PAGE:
Robosapien is a highly developed mixture of personality with technology. Loaded with attitude and brains, Robosapien is the first robot based on the technology of applied biomorphic robotics. The Robosapien is capable of make out objects and even skin tones and recognize when its owner walks into the room. In addition, Robosapien also has internal incline sensors that can end most functions when he is located in unusual positions, such as lying on its back. The nice thing about this humanoid is the ability for him to stand up in instances where he tips over. Robosapien is a programmable, rapid moving robot. The Robosapien has real multi-speed rapid dynamic running, turning, and walking.

Robosapien has four programming modes: right sensor, left sensor, sonic and master program. The right and left sensors are triggered when sensors on their matching sides are triggered, the sonic sensor is activated when the robot hears a sharp noise (and is in the Listen mode), and the master program is triggered from the remote control.

Lego Mindstorms

Lego Mindstorms allows you to make and program robots that can do just about anything. LEGOLego Mindstorms give you the ability to put together your own robots and program them to carry out all kinds of actions. Version 1.0 RCX bricks feature a power adapter jack that allows nonstop operation rather than the narrow operation time when using batteries. In version 2.0 (as well as later 1.0s included in the RIS 1.5), the power adapter jack was taken off. Version 2.0 of the robotics invention kit includes a programming environment that puts a lot of professional programming products to shame. It is easy to understand why a lot of schools are standardizing on the mindstorms kits to teach classes in the field of robotics.

Wrex the Dog

Wrex the Dog's nose functions like a stop button when he is moving and a random activities selection button when he is not. Wrex the Dog is able to scoot about, play and follow commands and run like a real dog. He can turn his head, twitch his ears, pant and even wag his tail.

The First Robotic Arthropod Known As Roboquad

The First Robotic Arthropod Known As Roboquad is a four-legged, spider-like robot with unparalleled mobility and consciousness. The The First Robotic Arthropod Known As Roboquad is built with advanced sensory awareness, helping it respond immediately to the surrounding environment and follow a moving object in any direction, including forward, backwards, and sideways. The First Robotic Arthropod Known As Roboquad, by WowWee Robotics, claims the honor of being the first true robotic arthropod. It is fundamentally an animated robot that has multi-directional movement capabilities and highly developed sensory perception.

Roboquad even has an extended battery life for extended missions. Capable of spotting movement from up to 6 feet away with a IRscanner, he can also hunt for and navigate doorways, and distinguish table edges. When the lights go out, The First Robotic Arthropod Known As Roboquad can continue operating, turning on his head-mounted LEDs which lets it move in the dark. The First Robotic Arthropod Known As Roboquad becomes crabby, happy, attentive, standoffish and jumpy as he walks about on any type of floor. The First Robotic Arthropod Known As Roboquad can even dance.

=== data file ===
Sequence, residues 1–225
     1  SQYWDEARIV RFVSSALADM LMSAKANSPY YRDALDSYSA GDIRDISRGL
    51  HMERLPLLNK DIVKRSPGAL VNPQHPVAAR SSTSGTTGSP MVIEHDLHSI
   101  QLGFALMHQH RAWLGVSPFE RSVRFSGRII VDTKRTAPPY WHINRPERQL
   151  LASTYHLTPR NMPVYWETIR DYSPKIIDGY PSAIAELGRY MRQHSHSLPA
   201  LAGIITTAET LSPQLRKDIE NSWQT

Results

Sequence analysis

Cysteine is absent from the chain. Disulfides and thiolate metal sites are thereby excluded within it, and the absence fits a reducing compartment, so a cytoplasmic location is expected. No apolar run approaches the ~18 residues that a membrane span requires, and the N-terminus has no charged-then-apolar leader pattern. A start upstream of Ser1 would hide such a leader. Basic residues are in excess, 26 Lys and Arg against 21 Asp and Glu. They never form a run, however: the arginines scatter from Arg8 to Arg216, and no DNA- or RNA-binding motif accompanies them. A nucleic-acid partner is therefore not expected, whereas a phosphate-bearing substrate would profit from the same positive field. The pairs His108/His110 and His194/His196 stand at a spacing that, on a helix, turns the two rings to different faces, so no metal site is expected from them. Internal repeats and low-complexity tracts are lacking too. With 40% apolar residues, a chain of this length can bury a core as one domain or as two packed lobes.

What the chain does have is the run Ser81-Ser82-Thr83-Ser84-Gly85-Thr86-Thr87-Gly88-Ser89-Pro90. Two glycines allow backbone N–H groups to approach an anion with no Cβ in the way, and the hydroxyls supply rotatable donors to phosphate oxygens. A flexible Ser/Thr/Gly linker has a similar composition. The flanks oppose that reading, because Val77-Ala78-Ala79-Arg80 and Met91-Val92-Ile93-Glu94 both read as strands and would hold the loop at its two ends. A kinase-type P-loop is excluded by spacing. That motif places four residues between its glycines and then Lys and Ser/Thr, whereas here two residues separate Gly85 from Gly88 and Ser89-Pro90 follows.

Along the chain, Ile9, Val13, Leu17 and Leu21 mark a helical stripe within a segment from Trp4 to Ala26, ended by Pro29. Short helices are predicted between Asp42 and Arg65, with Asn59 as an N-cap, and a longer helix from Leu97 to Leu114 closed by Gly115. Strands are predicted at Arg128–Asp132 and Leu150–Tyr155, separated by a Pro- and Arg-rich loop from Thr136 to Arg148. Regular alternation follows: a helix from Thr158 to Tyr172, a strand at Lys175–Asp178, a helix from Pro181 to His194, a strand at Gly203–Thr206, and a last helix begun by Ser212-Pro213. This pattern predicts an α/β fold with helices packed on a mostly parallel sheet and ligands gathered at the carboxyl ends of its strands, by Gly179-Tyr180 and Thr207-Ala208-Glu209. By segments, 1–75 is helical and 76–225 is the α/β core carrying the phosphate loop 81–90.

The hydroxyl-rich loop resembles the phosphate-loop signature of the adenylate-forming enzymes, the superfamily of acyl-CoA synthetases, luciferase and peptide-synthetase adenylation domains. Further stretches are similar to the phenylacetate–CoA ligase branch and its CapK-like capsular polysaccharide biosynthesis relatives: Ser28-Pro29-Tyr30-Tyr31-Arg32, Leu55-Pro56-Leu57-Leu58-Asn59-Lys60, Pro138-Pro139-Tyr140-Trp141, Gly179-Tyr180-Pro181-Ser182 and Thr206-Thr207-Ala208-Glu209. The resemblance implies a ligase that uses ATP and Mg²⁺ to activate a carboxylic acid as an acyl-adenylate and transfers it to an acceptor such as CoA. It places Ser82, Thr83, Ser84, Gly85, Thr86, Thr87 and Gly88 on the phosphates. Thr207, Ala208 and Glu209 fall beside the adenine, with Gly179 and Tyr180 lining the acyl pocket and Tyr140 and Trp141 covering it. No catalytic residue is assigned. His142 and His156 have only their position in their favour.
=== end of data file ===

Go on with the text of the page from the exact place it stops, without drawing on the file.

Tread Based Roborover

Tread Based Roborover appears to be WowWee's 2009 successor to their massively popular Tri-Bot robot which appeared first in 2008. The primary difference is that Tread Based Roborover has treads rather than wheels.

Tread Based Roborover is enabled with object recognition. He has forward and rear sensors that prevent him from bumping in to walls. Tread Based Roborover's tread wheels let it maneuver over objects up to a 15-degree gradient, or about an inch high. Tread Based Roborover is an lively tread based friend with a timid but inquisitive nature, his personality grows and becomes more self-confident as you play with him. He is always eager to be on the move or play games with you. Tread Based Roborover has several distinct modes: explore, lookout, standby and sleep. Explore mode does just what you would expect; Tread Based Roborover navigates around the room autonomously while it avoids running into objects. Sensor-based LED headlights will automatically turn on if it's dark. The Tread Based Roborover features a mixture of vocal content and driving-based games.


The Roving Rovio Security Robot

The Roving Rovio Security Robot, allows you to be in two places at one time! WowWee The Roving Rovio Security Robot includes a WiFi connection which allows you drive it from anywhere in the world given that you have a web capable mobile phone or a PC with internet connection. The Roving Rovio Security Robot's built-in LED headlight will help you steer it even in faintly lit locations, so you will always know what is going on at home or at the office. Its skull-mounted, movable camera and wide range of vision allow you to see and hear precisely what The Roving Rovio Security Robot sees and hears, on your computer screen, anyplace in the world!